Public Citizen to Call on FDA to Ban Celebrex and Bextra

Dec. 17, 2004

Public Citizen to Call on FDA to Ban Celebrex and Bextra

Statement of Dr. Sidney Wolfe, Director of Public Citizen’s Health Research Group

Even before today’s announcement by Pfizer about the heart attack risks associated with Celebrex,   Public Citizen’s Health Research Group was   preparing a petition to the U.S. Food and Drug Administration (FDA) to ban both Celebrex and the other Pfizer COX-2 drug, Bextra. In February 2001, we testified at an FDA advisory committee hearing that the cardiac risks of Celebrex   (and Vioxx) demanded a black box warning for both drugs. Two months later, in the April 2001 issue of our newsletter Worst Pills, Best Pills News (now online at www.worstpills.org), we urged patients not to use either drug because there are safer alternatives.

Today’s announcement by Pfizer is quite misleading because the company states that “These clinical trial results are new.  The cardiovascular findings in one of the studies (APC) are unexpected.” Four years ago, after reviewing the results of the Pfizer-funded CLASS study, an FDA physician stated that “the incidence of adverse events related to cardiac ischemia (decreased blood flow to the heart) was higher in the celecoxib [Celebrex] group … and was most pronounced in the group of patients not taking ASA (aspirin)” as a cardiovascular protective drug. In these patients, the rate of heart attack was also highest in the celecoxib group (0.2 percent) compared with users of the other two drugs (0.1 percent). For all patients, on and off aspirin, there was a higher incidence of atrial fibrillation, a type of heart rhythm disturbance, in the celecoxib group compared to those taking ibuprofen or diclofenac. Again this was more pronounced in the group not taking aspirin. Dr. Throckmorton concluded by stating that “the data do not exclude a less apparent pro-thrombotic [blood clot-forming] effect of celecoxib, reflected in the relative rates of cardiac adverse events related to ischemia.”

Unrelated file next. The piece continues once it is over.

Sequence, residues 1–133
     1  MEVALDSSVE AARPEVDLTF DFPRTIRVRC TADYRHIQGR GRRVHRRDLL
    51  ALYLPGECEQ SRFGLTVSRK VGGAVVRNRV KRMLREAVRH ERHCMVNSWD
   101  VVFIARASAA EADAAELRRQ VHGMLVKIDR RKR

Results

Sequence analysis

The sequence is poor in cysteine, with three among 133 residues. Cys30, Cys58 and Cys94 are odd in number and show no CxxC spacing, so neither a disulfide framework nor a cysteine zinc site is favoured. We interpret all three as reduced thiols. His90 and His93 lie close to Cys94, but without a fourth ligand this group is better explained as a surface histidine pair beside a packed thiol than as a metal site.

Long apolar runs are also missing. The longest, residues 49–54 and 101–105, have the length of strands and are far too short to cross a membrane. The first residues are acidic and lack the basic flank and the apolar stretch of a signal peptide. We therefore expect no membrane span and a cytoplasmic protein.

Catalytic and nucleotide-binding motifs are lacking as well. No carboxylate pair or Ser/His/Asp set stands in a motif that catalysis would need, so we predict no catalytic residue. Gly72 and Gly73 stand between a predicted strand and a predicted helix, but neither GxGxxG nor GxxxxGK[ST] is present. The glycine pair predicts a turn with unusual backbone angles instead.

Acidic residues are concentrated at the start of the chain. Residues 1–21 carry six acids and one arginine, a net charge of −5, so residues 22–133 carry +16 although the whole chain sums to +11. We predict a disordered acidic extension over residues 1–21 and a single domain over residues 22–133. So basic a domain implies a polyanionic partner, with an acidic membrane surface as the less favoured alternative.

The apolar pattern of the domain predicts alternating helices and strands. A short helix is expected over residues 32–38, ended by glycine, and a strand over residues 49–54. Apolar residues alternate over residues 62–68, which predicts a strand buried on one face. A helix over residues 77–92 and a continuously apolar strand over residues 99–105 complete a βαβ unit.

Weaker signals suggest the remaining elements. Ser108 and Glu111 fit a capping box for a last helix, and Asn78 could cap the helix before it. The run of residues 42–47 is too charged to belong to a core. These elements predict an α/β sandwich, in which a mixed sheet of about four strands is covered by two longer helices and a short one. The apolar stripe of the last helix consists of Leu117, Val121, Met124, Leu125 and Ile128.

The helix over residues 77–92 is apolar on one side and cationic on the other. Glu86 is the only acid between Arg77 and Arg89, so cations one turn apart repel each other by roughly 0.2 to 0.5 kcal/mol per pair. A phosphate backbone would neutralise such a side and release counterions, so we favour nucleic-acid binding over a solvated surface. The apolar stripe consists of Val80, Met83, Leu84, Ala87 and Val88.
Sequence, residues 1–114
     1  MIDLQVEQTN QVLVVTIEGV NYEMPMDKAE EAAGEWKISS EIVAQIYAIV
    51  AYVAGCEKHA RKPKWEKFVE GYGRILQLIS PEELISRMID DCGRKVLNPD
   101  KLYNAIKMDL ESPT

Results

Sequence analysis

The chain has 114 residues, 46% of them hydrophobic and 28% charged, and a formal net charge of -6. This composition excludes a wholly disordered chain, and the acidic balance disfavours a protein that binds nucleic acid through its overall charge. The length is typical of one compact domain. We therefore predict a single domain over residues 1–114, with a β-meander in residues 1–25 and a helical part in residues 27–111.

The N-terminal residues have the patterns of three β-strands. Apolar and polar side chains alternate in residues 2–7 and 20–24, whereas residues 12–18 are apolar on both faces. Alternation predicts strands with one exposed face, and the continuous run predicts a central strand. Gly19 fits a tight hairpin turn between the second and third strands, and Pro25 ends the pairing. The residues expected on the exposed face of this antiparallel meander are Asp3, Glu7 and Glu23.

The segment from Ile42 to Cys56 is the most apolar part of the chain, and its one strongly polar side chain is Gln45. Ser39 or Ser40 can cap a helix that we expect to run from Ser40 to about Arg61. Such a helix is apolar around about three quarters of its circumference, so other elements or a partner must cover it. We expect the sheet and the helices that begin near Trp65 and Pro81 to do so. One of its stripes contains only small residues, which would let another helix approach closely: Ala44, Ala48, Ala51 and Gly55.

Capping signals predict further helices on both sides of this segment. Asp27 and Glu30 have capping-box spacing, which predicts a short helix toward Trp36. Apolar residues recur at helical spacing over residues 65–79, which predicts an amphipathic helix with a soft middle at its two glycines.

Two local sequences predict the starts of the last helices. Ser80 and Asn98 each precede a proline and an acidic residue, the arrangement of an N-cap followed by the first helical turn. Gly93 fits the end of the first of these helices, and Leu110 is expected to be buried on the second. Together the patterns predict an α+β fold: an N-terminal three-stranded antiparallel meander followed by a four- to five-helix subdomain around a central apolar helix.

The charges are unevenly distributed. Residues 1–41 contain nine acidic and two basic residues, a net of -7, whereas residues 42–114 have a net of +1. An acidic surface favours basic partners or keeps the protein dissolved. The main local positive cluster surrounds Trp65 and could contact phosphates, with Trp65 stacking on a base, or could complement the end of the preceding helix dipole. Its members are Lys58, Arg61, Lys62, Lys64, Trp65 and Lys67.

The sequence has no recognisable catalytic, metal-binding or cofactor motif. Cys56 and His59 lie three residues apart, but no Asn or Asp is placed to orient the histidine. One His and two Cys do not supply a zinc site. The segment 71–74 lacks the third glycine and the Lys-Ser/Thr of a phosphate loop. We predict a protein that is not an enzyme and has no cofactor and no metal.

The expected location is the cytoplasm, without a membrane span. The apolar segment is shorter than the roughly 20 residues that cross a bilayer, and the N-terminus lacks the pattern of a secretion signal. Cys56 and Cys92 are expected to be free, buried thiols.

Even earlier evidence of the danger of Celebrex was published more than four years ago. In a study in the Aug. 29, 2000, Proceedings of the National Academy of Sciences, the ability of rabbits to withstand temporary experimental coronary artery occlusion (experimental heart attack) was significantly impaired by treatment with celecoxib (Celebrex), which completely blocked the cardioprotective effects of the COX-2 enzyme. The authors of that study concluded that COX-2 enzyme is a “cardioprotective protein.” Therefore, it is implied, drugs that block this cardioprotective enzyme, such as COX-2 inhibitors, may neutralize the protective effects of this important enzyme.

The FDA should remove Celebrex and Bextra from the market immediately.

Please visit www.worstpills.org for more information.

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